Sunday, November 29, 2009

522)SECTION 11: CANADIAN SYMBOLS; The Stephen Harper Government's Citizenship Guide; Quotes Of Minister Jason Kenney

Among the tens of thousands of people from six continents who visit my Blog there must be a significant number who may show an interest in becoming Canadian citizens now or in the future. Consequently I am showcasing on my Blog the Stephen Harper Conservative Government's magnificent new Citizenship Guide for prospective Canadian citizens unveiled on November 12th 2009, the day after Rememberance Day. When I read the online version of this booklet I came away feeling a deep sense of awe and admiration for the country I have lived in for the past 36 years, 5 as a landed immigrant and 31 as a citizen. Indeed this booklet should not just be required reading for prospective Canadians but also for established Canadian citizens of all ages. It's always refreshing to remind ourselves about our secular democracy-its evolution, history, system of government, regions, rights and responsibilities, justice system, economy, symbols, achievements and much, much more. The text of the booklet has been carefully researched and well written and the many photographs wisely chosen. While I have reproduced all the text from the Guide in the following Blogposts one cannot fully appreciate the material without also looking at the photographs and their captions. For that reason each Blogpost has two links to the original page on the Citizenship And Immigration Canada(CIC) website, one at the beginning and one at the end of the post.

On another forum I made the following comment to commemorate Rememberance Day on November 11th 2009: Canada is a stable secular democratic state with a solid, longstanding and admirable history. It is not a disparate bunch of autonomous multicultural fiefdoms as some political parties would have you beleive. Canada is the Magna Carta(1215), War of 1812, British North America Act(1867), Boer War(1899-1902), Vimy Ridge, Ypres and Paschendale(1914-1918), Dieppe, Monte Cassino, D-Day, Juno Beach, Belgium and Holland(1939-1945), Korean War(1950-1953), Cold War(1917-1989), Vietnam War(1960's) and Afghanistan(post 2001).

Study Guide – Discover Canada
The Rights and Responsibilities of Citizenship


Canada has many important symbols — objects, events, and people that have special meaning. Together they help explain what it means to be Canadian and express our national identity. Important Canadian symbols appear throughout this booklet.

From left to right:
Mace of the House of Commons, OttawaCanadian Flag of 1965
The Royal Arms of Canada
Parliament at dusk

The Canadian Crown

The Crown has been a symbol of the state in Canada for 400 years. Canada has been a constitutional monarchy in its own right since Confederation in 1867 during Queen Victoria’s reign. Queen Elizabeth II has been Queen of Canada since 1952, marked her Golden Jubilee in 2002, and celebrates her Diamond Jubilee (60 years as Sovereign) in 2012. The Crown is a symbol of government including Parliament, the legislatures, courts, police services, and the armed forces.

(Picture): The Snowbirds(431 Air Demonstration Squadron) are a Canadian icon

The National Flag

The National Flag was first raised on February 15, 1965. The red-white-red pattern comes from the flag of the Royal Military College, Kingston, founded in 1876. National Flag of Canada Day is February 15. The provinces and territories also have flags that embody their distinct traditions.

The maple leaf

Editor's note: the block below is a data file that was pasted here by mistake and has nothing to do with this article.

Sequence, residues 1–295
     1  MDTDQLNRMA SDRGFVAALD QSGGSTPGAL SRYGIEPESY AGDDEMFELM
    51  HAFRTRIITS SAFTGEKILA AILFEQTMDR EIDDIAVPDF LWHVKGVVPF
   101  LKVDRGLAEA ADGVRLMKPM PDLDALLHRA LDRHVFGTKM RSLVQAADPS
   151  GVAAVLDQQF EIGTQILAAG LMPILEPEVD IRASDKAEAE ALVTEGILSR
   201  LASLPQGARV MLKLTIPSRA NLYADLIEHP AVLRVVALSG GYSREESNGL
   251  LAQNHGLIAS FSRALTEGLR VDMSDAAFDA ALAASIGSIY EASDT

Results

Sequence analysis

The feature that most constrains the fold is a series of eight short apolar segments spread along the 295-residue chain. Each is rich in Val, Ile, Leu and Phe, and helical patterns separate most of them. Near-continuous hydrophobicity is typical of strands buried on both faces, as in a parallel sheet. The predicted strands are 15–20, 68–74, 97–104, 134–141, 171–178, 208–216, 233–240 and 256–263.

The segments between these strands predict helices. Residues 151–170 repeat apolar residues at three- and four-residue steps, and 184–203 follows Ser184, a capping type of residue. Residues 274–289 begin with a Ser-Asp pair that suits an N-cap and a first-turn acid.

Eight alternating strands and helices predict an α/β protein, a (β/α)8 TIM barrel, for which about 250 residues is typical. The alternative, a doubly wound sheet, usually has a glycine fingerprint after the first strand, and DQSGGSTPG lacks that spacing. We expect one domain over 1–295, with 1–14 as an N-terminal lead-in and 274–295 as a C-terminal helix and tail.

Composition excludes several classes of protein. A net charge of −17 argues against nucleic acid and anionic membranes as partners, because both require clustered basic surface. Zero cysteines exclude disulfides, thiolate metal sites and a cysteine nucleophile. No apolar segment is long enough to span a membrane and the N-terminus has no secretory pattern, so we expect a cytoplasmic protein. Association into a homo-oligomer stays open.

The maple leaf is Canada’s most known and respected symbol. Maple leaves were adopted as a symbol by French-Canadians in the 1700s, have appeared on Canadian uniforms and insignia since the 1850s, and are carved into the headstones of our fallen soldiers buried overseas and in Canada.

Coat of arms and motto

As an expression of national pride after the First World War, Canada adopted an official coat of arms and a national motto, A Mari Usque Ad Mare, which in Latin means “from sea to sea.” The arms contain symbols of England, France, Scotland, and Ireland as well as red maple leaves. Today the arms can be seen on dollar bills, government documents, and public buildings.

Parliament buildings

The towers, arches, sculptures, and stained glass of the Parliament Buildings embody the French, English, and Aboriginal traditions and the Gothic Revival architecture popular in the time of Queen Victoria. The buildings were completed in the 1860s. The Centre Block was destroyed by an accidental fire in 1916 and rebuilt in 1922. The Library is the only part of the original building remaining. The Peace Tower was completed in 1927 in memory of the First World War. The Memorial Chamber within the Tower contains the Books of Remembrance, in which are written the names of soldiers, sailors and airmen who died serving Canada in wars or while on duty.

The provincial legislatures are architectural treasures. The Quebec National Assembly is built in the French Second Empire style, while the legislatures of the other provinces are Baroque, Romanesque, and neoclassical, reflecting the Greco-Roman heritage of Western civilization in which democracy originated.

Popular sports

(Picture): Montreal Canadiens Stanley Cup Champions, 1978

Hockey is Canada’s most popular spectator sport and is considered to be the national winter sport. Ice hockey was developed in Canada in the 1800s. The National Hockey League plays for the championship Stanley Cup, donated by Lord Stanley, the Governor General, in 1892. The Clarkson Cup, established in 2005 by Adrienne Clarkson, the first Governor General of Asian origin, is awarded for women’s hockey. Many young Canadians play hockey at school, in a hockey league, or on quiet streets — road hockey or street hockey — and are taken to the hockey rink by their parents. Canadian children have collected hockey cards for generations.

Canadian football is the second most popular sport. Curling, an ice game introduced by Scottish pioneers, is popular. Lacrosse, an ancient sport first played by Aboriginals, is the official summer sport. Soccer has the most registered players of any game in Canada.

From top to bottom:
RCMP Musical Ride,Ottawa, Ontario
A Beaver, AlgonquinPark, Ontario

The beaver